Cat caretakers clash with College over future for feral felines

Luke Chinman

Town residents have taken care of feral cats living behind Jesup Hall. (Photo courtesy of Mary Kennedy.)

Seven years ago, former Town Clerk Mary Kennedy learned there were 10 feral cats living on the hill behind Jesup Hall. Ever since, she has diligently looked after them — waking up at 6:30 a.m. to bring them food and creating feeding schedules for substitute caretakers when she heads to Florida every winter. When the College asked her to relocate the felines, Kennedy sprang into action, campaigning for the cats to stay.

When Kennedy first heard that the cats — who were kittens at the time — were roaming near Spring Street, she sent her son to bring them warm food. To her surprise, her son found that the cats were cozily living in a small wooden shelter in the trees behind Jesup. The next day, Kennedy left a note on the shelter, offering to help take care of the cats in whatever way she could. A student at the College responded to the note.

The student, who was living off campus at the time, told her that he had found the cats — which he suspected were left by former students — and reached out to Animal DREAMS, an organization which works to promote humane care for feral cats in the Berkshires. Animal DREAMS spayed and neutered the animals, relocated five to local families, built a small shelter, and then returned the rest to their perch overlooking Blue Mango and Spice Root. For the next two years, Kennedy and the student looked after the cats together, purchasing cat food and feeding the animals, until the student graduated and Kennedy took over full responsibility.

By 2021, three of five cats — named Vinny, Momma, and Baby Kitty — remained. That winter, Karen Falk, a Town resident who helped look after the cats while Kennedy was out of town, asked College employees about installing an electrical outlet in a post near the shelter to power heating pads out of concern for the cats’ warmth during harsh Williamstown winters. Falk offered to fund the installation, but she was told it wasn’t possible because the warmth might attract other critters. In response, the cats’ caretakers plugged a cord into the back of Jesup without asking for permission.

The following December, however, there was no power in the outlet, and Kennedy reached out again to try to find another solution. The College told her to evict the cats by the end of January 2023.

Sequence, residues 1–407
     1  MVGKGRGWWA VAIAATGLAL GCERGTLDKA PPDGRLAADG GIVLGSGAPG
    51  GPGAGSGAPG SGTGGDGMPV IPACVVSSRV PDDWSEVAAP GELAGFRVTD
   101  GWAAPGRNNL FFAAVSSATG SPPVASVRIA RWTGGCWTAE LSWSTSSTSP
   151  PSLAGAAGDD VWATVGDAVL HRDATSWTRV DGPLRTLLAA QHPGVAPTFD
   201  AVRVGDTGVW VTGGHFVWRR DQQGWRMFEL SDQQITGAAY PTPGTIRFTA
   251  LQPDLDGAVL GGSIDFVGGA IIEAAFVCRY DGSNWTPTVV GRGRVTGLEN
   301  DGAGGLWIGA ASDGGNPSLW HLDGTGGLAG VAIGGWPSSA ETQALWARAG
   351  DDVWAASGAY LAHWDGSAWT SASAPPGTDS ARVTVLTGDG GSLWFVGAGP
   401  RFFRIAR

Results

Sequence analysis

Kennedy was furious. “Relocating feral cats is not always possible because their natural trait will be to go back to where they originated,” she said. After further email correspondence with the College’s senior staff, the deadline was moved to June 30, 2023.

“I worked in a veterinary hospital for 27 years,” said Val Ross, another Town resident who has been helping Kennedy look after the cats. “I’ve done rescue for animals and wildlife my whole life, and this just seems inhumane.”

Chief Communications Officer Jim Reische said that the College had other considerations to take into account.

“If you look at this from the perspective of what’s in the interest of feral cats, it’s often best to let them stay where they are and just take care of themselves,” Reische acknowledged. “That decision becomes fundamentally different when you’re on campus… The question of what is best for the cats that is also acceptable to the College is a different calculus.”

When deciding the best course of action for the College, Reische said that senior staff considered both the safety of the cats and other animals. “We think it’s responsible to not have wild animals running around on campus,” he said. 

Senior staff were cognizant of the precedent they could set if they let the animals stay. “There isn’t a policy that would specifically govern this situation,” Reische said. “This was, so far, unique.”

While Reische said that there was little the College could do to prevent similar situations from arising in the future, he urged students to be responsible with their pets. “Kids, please don’t abandon your cats,” he said.